Frankly, with questions like these I would strongly recommend you contact a consultant to do your initial implementation.  At the very least, do some testing and learn how this works.  It's always unwise to setup a production network without experience.  Getting it right the first time is important and will save a lot more money in the long run.


Hi leew,

Actually, it was the consultant that asked me what the internal domain name should be, so I thought I should ask people here based on what we need to achieve now and in the near future.

So, are you saying that I should respond to them that the domain name should be mydomainname.lcl as opposed to, say ?

I will not have any issues later on when I am going to implement MS Exchange 2007, VOIP, VPN and the like?
nappy_dThere are a 1000 ways to skin the technology cat.

Do not use .local as I agree with leew here.

Use .private instead or or corp.domain.private and definitely contact a different consultant.
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Hi leew, nappy_d

The thing is that I would like to setup a couple of internal websites within my internal network in the near future, such as,, etc.

I noticed that if I try to use or (or <anything> for that matter), my web browser redirects me to my ISP's website displaying a customised 404 Error page stating "The page you requested no longer exists or is temporarily unavailable". Of course, I have NOT registered any of these names (sub-domain names).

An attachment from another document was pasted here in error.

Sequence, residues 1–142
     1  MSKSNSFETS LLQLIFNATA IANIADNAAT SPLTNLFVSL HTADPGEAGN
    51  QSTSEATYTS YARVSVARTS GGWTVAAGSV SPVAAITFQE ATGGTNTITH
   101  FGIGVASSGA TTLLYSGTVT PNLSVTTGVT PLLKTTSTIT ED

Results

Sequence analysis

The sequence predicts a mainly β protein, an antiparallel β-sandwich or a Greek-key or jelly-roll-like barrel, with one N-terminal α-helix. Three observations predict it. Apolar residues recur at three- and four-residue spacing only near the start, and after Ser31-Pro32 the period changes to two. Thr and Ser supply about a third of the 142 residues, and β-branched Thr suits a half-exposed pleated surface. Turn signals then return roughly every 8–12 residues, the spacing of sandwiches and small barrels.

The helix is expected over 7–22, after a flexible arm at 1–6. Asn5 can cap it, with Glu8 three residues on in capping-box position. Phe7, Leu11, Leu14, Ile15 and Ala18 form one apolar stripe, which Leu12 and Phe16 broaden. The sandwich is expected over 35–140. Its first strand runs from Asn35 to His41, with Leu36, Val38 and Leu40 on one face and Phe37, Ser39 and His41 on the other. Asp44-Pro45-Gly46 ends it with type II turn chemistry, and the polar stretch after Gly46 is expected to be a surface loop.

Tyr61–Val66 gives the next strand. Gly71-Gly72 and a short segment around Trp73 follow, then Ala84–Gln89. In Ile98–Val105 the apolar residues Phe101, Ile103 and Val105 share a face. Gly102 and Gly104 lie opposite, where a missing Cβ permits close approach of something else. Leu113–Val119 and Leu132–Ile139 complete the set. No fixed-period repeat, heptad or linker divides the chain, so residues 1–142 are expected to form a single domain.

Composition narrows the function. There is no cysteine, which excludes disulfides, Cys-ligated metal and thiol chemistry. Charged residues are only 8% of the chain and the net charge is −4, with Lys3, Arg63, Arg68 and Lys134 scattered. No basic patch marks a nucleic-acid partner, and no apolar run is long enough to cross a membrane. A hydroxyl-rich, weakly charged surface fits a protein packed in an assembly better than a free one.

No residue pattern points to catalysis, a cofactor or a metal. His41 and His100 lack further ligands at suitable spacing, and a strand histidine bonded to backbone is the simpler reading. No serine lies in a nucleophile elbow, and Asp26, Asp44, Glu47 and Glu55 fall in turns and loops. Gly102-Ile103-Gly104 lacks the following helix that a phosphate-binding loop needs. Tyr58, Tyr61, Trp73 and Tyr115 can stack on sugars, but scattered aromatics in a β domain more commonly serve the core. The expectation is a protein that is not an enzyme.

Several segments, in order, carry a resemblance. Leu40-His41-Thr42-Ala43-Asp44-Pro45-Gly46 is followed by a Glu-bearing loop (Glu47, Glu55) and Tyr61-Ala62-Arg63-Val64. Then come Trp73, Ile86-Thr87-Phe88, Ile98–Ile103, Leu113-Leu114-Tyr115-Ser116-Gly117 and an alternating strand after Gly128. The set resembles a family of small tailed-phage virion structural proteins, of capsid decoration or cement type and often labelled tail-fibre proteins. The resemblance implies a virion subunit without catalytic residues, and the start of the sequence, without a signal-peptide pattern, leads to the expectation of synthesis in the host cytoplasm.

My question is this:

If I choose to use mydomainname.lcl or mydomainname.private, will I be able to host custom websites in my internal network using names such as,, etc?, or my websites will have to have names such as portal.mydomainname.lcl or portal.mydomainname.private ???

What is the difference between corp.mydomainname.lcl  and  mydomainname.lcl ??? It seems to me that I just need to type more stuff with corp.mydomainname.lcl, right ???

Please respond.
There are a 1000 ways to skin the technology cat.
You then need to setup what is known as split brain DNS...

Anything that is subdomain of "" will be sent to your public domain registrar.

You will need to setup an internal and private DNS for interanlly hosted sites and then leave the other as it.

As we have suggested do not use .local  Simply use your existing domain name as such or or  BUT DO NOT END IT WITH .LOCAL

I assume you have OD or AD setup internally already


Hi nappy_d,

So, if I go down the route of having, I should ask the consultant to setup a split brain DNS, whereas for specific internal websites (i.e.,, my internal DNS servers will serve such requests, however, for any other subdomain not listed on my internal DNS servers, or the company website, the internal DNS servers will forward the requests to my ISP's DNS servers, right ?

The consultant will install Active Directory Domain Services (AD DS) and DNS server on *each* of the domain controllers. What is OD ?

Thank you for your help and patience with my questions!
nappy_dThere are a 1000 ways to skin the technology cat.

That is correct.  OD is Open Directory.  Sorry, I had Apple OS on my brain when typing.

Here is a link for some great information on Split Brain DNS